That was just one player, look a little closer at a more recent time, and Villa potentially had the foundations in place to maintain a competitive edge around the European places, if they re-invested wisely. Villa had the likes of Ashley Young, James Milner, Stewart Downing and Gareth Barry. All were top talents with what proved great sell-on potential. Unfortunately, instead of replacing them with up-and-coming talent that could blossom as they did, with future sell-on value, lesser versions of the players were signed at prices that were never going to be recouped, never mind make a profit on. It led Villa into a financial cul-de-sac.
Also, Young and Barry weren’t really replaced, as there was a lot of high-wage deadwood at the club to compensate for.
Of course, there was also the problem of managerial stability at Villa at the time, in maintaining a flow of talent that would pay-off, both on and off the pitch. For example, remember, Gerard Houllier had Yohan Cabaye lined up to come in for Villa, before the Villa boss’s illness dictated proceedings.
Stick or Twist
It’s clear why Lambert has gone the way of his buy young and cheap policy. He has in eliminated the potential for high-wage deadwood, with just driftwood that won’t cost the club much to shed, the worst case scenario for a player that doesn’t work out.While the likes of Benteke and Okore offer Villa a chance to build-up some success and get the ‘recycle’ cycle going again.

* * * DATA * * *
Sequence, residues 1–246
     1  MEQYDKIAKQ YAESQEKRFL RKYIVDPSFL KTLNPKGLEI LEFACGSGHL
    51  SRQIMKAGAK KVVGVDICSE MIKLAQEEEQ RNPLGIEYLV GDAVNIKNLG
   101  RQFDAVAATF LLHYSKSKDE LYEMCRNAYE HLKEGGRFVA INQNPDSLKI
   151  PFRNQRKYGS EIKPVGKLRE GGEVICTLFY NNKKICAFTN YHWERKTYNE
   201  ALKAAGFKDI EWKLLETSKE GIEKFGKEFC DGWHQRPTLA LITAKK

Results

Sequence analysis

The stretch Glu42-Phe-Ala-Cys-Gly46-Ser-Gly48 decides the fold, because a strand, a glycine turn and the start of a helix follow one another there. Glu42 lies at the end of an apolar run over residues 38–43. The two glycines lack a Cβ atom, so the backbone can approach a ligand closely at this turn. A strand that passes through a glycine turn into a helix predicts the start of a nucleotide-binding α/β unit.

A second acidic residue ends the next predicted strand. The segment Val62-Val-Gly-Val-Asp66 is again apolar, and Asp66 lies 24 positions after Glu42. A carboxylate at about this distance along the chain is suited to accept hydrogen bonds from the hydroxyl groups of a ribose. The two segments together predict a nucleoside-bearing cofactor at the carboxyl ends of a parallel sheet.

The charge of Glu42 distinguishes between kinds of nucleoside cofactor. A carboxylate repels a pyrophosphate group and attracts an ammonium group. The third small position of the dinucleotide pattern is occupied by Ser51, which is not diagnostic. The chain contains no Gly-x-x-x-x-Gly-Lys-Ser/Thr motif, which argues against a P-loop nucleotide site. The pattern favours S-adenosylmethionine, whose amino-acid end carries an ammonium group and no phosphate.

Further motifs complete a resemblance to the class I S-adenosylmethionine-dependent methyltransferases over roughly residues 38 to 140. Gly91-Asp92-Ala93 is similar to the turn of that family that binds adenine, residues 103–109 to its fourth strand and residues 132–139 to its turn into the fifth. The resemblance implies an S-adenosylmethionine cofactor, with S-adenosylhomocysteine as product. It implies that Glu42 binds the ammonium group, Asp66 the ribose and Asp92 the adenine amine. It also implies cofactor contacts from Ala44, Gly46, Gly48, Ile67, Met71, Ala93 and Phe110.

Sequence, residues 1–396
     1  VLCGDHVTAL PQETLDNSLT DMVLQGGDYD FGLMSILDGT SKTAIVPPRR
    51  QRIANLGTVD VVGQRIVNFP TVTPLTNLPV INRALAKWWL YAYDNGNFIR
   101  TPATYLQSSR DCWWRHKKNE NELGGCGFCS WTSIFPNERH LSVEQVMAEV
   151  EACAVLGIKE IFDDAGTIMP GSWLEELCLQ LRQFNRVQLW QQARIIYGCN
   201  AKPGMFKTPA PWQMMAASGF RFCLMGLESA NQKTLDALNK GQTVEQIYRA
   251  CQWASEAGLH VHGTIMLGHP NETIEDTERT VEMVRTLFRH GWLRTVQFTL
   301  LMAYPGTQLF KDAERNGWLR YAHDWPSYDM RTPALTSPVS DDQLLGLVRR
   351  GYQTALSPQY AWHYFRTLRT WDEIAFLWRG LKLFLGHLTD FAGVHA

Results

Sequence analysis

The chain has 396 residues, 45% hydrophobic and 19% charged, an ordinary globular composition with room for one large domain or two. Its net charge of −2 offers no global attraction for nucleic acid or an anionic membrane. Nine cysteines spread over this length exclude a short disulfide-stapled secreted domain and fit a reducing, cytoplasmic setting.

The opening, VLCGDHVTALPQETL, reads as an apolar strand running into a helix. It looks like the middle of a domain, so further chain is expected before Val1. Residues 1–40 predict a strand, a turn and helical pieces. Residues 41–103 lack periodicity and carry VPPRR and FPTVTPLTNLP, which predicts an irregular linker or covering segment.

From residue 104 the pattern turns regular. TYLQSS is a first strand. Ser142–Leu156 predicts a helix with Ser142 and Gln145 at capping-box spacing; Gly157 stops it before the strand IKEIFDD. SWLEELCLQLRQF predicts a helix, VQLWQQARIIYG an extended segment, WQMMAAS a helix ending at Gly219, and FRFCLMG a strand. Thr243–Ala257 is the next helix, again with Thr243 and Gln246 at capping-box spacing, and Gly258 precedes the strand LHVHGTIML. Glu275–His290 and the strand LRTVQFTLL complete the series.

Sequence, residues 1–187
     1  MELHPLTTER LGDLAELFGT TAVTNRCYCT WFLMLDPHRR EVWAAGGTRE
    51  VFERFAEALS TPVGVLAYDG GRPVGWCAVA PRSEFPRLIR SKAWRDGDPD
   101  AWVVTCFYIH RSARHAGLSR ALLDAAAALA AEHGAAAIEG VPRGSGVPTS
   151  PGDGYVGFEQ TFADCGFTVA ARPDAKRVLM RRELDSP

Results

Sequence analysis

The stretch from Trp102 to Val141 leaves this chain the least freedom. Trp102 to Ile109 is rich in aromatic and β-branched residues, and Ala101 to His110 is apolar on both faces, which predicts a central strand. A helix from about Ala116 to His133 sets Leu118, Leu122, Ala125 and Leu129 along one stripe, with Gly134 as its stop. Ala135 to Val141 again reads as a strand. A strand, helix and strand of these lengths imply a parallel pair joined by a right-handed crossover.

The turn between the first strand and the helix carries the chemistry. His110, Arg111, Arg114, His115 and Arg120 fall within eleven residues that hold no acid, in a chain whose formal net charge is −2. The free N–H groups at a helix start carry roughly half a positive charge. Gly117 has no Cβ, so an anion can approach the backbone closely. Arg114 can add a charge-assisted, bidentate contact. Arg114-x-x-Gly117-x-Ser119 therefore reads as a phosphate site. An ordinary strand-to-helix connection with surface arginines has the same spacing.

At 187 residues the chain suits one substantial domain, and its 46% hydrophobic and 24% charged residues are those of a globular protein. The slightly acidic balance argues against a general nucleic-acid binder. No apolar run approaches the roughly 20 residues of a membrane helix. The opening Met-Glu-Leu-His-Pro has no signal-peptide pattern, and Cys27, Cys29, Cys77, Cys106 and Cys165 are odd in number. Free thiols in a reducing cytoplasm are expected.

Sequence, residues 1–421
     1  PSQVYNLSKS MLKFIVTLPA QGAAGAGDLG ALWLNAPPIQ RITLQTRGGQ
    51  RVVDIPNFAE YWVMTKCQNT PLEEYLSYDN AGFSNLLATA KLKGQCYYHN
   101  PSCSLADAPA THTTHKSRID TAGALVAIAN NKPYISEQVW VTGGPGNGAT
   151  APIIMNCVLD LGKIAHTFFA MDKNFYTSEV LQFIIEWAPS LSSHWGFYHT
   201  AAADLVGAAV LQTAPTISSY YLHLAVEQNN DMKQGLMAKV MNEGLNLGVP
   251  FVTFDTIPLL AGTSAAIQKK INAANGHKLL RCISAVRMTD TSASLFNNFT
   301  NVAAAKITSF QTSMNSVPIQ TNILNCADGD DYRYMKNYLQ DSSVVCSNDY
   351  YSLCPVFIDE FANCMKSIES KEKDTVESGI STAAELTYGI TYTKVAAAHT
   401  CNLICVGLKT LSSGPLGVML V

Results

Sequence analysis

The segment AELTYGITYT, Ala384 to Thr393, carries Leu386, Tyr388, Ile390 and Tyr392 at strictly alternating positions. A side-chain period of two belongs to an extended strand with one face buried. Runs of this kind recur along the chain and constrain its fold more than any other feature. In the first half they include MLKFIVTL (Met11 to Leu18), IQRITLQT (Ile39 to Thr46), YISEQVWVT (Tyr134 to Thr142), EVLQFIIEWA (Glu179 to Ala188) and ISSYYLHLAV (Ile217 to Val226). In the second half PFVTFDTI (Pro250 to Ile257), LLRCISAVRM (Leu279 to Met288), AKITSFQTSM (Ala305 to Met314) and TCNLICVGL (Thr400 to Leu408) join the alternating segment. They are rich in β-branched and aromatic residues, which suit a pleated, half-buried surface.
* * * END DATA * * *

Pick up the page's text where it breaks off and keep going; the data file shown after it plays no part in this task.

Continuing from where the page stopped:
With the rising costs of creating a decent team in the Premier League, it’s inevitable that a business model is needed to dictate what happens on the pitch. Ex-Spurs boss Juande Ramos in a recent interview in the Guardian essentially highlighted that this was the way Spurs were approaching the game.
“Spurs spend a lot of money but only sign players who are 20 or 22 because they’re thinking of future sales. [Gareth] Bale, for example, or [Luka] Modric: I advised Spurs to sign him. He’s a great player but you still need patience; it doesn’t happen immediately. The idea is: sign players, see if they take off, sell and reinvest. Fine but are you trying to win money or titles? The criteria at Manchester United, Manchester City, Chelsea is that the sporting side is the priority. If City sign [Jesús] Navas or [Álvaro] Negredo, they don’t look at the player’s age; they look at his performances.
“Spurs aren’t going to win the league. Economically, it works well but in sporting terms maybe it needs retuning. You can’t demand something that doesn’t fit the reality.”
In the case of Villa, they aren’t going to be chasing titles any time soon, so economically, it makes perfect sense to try and build success this way. Obviously Spurs have a head-start on Villa at the moment, but where do they actually go from here? Look at the top three teams in the table in the post, there’s a reason the Manchester clubs and Chelsea compete for the league title – they literally buy the right too!
Once the final deadwood of Hutton and Given are ushered out of the club, Villa will be see a more balanced net spend take effect. The challenge then will be making sure the young players brought in have the quality to grow into desirable big time players. A once in a blue moon player like Benteke isn’t going to cut it. Villa will need to unearth three or four of his ilk to then really fast-track progress. Then as to the scope of potential success, it becomes a matter of how successfully a Villa manager sticks or twists with the players he’s got. UTV